Get Started: Best Practice in Managing Stock

13/11/2017

Managing Your Money

Managing Stock

When it comes to effectively managing your stock, it boils down to a lot more than having enough products on your shelves. As a business owner, you’ll know that it’s all about having the right amount of products at the right time, with as little ‘dead stock’ as possible, which is notot as easy as it sounds.

So why is this so important? For a start it will save you money by helping to reduce the amount of stock that is perishable, out of season, or that can no longer be sold. And it will also affect other important aspects of your business such as cash flow and customer satisfaction.

So with that in mind, here are a few tips on how you can manage your stock:

Managing Suppliers

A large part of managing suppliers comes down to relationship management; as communicating effectively with your suppliers can put you in a better position to negotiate your terms. You should always let them know well in advance when you expect to be more busy than usual or if you’re going to have a quiet month so that they can better prepare for your orders.

By maintaining this close communication, you are effectively creating a two-way relationship which could be beneficial for both parties. For example, your supplier could be more inclined to let you know when they have special items in stock, give you more visibility when it comes to any delays with your orders, restock at short notice, and also be more flexible when it comes to minimum order quantities and returning stock.

And while it’s easy to get carried away with bulk-buy discounts and deals offered by your supplier, always make sure you’re able to sell at a profit and in a reasonable timeframe. Negotiating for smaller and more frequent deliveries can also help you control cash flow.

Forecasting

Forecasting is essential when it comes to managing your stock and it all lies in predicting how much supply you’ll need and when.

“Holding big stocks is very old school,” argues Simon Monaghan, a consultant from the Business Doctors network of SME experts. "The more you hold, the more space is required, which leads to bigger overheads. Stock really is dead money. Keep it to a minimum.”

One of the best ways to do is by looking at your historic sales data, which can also support you in stocking to the demand of your customers. Things to look out for include spikes and trends at certain times of the month or year - some of these could be affected by holidays and special events. You can also look at other less obvious spikes such as a rise in sales after payday or industry trends that are influencing your customers.

The more data that you have, the more you can make accurate predictions to determine when you need to order your stock, how much you need to bring in and the sorts of products you need to consider. If you’ve just started out and don’t have any data yet then it could be worth taking a look at the activity of some of your competitors.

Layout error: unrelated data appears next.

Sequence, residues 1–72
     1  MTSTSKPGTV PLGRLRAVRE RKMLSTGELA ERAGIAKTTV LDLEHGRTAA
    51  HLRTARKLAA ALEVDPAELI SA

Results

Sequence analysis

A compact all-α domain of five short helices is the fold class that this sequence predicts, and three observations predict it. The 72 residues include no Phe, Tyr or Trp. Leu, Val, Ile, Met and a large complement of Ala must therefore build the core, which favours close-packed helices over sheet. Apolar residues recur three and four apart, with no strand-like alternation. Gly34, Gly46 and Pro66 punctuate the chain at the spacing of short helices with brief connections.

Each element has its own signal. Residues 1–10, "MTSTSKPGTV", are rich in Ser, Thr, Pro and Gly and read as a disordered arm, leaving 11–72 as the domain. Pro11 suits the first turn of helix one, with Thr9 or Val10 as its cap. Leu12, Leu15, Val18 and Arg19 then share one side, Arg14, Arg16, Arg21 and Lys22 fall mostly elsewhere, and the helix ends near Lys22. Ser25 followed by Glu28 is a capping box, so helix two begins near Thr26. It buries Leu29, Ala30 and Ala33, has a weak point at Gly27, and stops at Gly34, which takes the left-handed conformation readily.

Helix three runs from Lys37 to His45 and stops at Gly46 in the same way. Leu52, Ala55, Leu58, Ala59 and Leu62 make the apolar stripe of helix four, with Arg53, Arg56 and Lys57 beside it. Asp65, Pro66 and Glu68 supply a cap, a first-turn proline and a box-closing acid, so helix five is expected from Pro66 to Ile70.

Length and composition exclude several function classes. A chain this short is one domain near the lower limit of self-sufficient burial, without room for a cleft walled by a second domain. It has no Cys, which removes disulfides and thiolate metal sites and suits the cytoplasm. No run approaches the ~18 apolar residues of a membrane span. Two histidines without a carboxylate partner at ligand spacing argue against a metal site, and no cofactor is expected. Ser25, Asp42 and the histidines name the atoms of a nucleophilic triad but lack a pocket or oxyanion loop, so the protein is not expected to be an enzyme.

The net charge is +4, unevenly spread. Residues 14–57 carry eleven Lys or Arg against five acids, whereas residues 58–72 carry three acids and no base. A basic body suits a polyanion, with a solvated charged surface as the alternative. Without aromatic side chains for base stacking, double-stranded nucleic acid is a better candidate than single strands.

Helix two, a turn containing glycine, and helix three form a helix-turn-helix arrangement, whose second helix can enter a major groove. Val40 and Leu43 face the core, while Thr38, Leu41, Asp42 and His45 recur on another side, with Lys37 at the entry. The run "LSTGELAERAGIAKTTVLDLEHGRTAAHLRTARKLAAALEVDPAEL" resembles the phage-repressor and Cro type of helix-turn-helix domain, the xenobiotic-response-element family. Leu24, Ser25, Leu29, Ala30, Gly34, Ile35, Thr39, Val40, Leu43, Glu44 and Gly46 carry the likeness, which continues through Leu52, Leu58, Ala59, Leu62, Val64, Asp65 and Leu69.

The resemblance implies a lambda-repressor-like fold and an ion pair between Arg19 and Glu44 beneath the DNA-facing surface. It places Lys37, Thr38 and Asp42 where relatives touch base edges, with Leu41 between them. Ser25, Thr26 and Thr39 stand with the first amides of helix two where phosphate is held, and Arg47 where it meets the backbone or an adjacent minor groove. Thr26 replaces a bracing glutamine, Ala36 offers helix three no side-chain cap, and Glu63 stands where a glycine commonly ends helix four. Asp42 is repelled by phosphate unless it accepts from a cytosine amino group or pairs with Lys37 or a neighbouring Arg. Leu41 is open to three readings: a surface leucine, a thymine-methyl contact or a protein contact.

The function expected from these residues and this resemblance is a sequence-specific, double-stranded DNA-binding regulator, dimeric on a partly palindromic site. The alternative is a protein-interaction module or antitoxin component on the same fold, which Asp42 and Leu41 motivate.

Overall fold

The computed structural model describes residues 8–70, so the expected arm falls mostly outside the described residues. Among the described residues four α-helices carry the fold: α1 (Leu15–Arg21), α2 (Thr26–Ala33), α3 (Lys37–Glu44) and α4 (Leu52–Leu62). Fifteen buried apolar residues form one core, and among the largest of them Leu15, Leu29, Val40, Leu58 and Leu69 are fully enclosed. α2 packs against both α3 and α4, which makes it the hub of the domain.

Seasonality

All businesses will be affected by seasonal fluctuations but this doesn’t need to be a bad thing. In fact, has your sales cycle changes it can be an opportune time to run promotions and tap into the target market while taking advantage of seasonal themes.

It’s important to be open minded during these times, especially when it comes to taking control of stock; as you may need to respond to changes in demand which could mean restocking items more often or pulling items that aren’t selling well.

Planning well in advance is also crucial. Hugh Williams, managing director of Hughenden Consulting, says: “The key to planning for any type of seasonality is to allow a sufficiently long window of at least 12 to 18 months. People initially balk at this because they confuse demand planning with forecasting orders.”

Inventory Tracking

Keeping track of your inventory is an ongoing process so you’ll want to make sure you’re on top of it at all times. If you have an EPoS system in place, you’ll be able to set up alerts when stock is low, automate purchase orders and keep track of customer purchase history.

Other things worth considering are adjusting stock levels when items get returned, and making a note of what has sold the most, what has made the most profit and what has not sold well. This will all help you when setting out your shop floor and planning for future restocks.

Investing in inventory management software can also save you a lot of time managing inventory, and save money in the long run too. The software can help reduce errors associated with manual stock taking, automate time consuming tasks and incorporate cloud-based solutions so that you can update information wherever you are and at any time.

 

Managing stock can seem like a juggling act at times, but with the right planning, forecasting and tools in place, you’ll be good to go in no time!

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